For some people, buying a retail business is the way they expand their existing venture, or it could be that they do not want the hard work and risks a start-up causes so see buying someone else’s businesses as an easier option. Whatever the reason, if you are looking to buy a retail business, you want to pay a fair price and do not want to hand over more cash than is necessary. Of course, the person selling wants as much as they can get too, so here are a few tips to make sure you get a good deal.
Ask to See the Business Pages of Their Tax Return
In the UK, a tax return is made up of several parts with each section being separated from the rest. The return does hold personal information, but you do not need to see that. All you need to see are the pages that relate to the business and look at the turnover, profit and loss over the years. This is because it is simple to adjust accounts to whatever someone wants and to make the business look more profitable than it really is. They are unlikely to do that if it will cost them more tax though, so seeing these pages in conjunction with the accounts will give you more peace of mind that the figures are genuine. Realistically it’s likely revenue is declining, but if you have the infrastructure in place to run the business with lower overheads, you will turn a profit.
Buy What You Know
Buy a retail business that you know something about if you want a deal that will make you money in the future. For instance, if you have experience and connections in ecommerce, it should be easy to understand how to improve the business. Too many people think they can run businesses they know nothing about and then wonder why they end up failing.
If you understand the business you are considering buying, you are more likely to have some idea about its worth, although you should always seek the advice of professionals to be sure. This also includes agencies who are experts in Retail PR, who can give you an idea of what it would cost to make an impact in the marketplace.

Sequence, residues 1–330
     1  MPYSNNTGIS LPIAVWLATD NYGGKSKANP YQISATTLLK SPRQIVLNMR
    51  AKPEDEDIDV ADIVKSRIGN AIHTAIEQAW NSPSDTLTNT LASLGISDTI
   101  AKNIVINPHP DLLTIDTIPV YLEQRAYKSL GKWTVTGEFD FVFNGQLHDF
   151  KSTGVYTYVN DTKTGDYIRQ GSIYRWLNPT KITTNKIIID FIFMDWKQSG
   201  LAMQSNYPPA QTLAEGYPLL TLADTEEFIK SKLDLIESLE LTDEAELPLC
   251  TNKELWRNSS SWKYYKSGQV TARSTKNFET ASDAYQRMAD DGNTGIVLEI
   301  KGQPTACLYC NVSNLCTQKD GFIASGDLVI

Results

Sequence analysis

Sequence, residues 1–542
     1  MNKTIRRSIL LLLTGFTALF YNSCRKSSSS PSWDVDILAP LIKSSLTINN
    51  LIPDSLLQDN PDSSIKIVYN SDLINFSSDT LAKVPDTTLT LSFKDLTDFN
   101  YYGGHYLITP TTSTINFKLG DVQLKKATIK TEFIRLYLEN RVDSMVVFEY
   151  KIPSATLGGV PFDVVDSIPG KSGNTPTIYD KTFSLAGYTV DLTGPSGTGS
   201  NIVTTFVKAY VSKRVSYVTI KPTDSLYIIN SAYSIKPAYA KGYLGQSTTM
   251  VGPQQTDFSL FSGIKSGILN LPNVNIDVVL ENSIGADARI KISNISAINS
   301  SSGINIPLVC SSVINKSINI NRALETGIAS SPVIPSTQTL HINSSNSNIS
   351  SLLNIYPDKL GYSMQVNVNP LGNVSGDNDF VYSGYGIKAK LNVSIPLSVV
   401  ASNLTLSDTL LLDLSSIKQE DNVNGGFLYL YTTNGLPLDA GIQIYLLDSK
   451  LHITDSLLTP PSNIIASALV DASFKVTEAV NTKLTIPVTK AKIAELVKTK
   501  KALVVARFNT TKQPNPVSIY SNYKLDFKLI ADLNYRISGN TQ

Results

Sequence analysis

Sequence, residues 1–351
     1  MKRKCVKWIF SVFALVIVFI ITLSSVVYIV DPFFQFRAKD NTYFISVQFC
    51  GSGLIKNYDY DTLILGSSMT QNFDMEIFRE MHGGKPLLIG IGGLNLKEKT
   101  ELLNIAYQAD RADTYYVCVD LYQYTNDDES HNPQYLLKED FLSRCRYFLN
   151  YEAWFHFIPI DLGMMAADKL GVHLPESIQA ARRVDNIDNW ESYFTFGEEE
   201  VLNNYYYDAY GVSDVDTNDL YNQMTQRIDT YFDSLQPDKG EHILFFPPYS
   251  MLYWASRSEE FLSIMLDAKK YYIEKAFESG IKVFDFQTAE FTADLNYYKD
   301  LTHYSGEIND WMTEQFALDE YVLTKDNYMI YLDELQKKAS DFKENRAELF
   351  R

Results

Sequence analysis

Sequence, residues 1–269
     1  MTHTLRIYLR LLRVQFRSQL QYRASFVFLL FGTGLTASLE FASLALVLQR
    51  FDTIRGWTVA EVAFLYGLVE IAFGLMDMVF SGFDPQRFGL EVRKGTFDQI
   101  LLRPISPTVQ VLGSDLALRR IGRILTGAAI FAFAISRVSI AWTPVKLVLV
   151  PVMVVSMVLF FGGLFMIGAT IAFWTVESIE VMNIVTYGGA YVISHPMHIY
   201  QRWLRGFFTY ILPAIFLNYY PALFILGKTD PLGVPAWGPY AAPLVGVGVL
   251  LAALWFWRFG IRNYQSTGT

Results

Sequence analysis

Ignore The ‘Cash’
Some people who are selling a business will tell you they do more sales than their accounts show because they do not declare everything. Ignore these comments as they cannot be proven and should not be a consideration when you are agreeing on a price. If they are not honest enough to put all their sales through their books, you have to ask yourself how honest they are being with you.
Ask the Reason
Ask why they are selling the business. If they are retiring because of age or ill health that is a reasonable thing to do. If, however, they do not seem to have a genuine reason for the sale, be very wary of buying the business. Remember that past accounts are history and it is what is happening now that matters. Perhaps spend some time at the premises to see just how busy they are and then you may feel the reason for selling is good enough. If business has dropped off since the last accounts were compiled, this should be reflected in the price you offer.
You need to consider many things when buying a business, but get it right and it could be that your financial future is secured.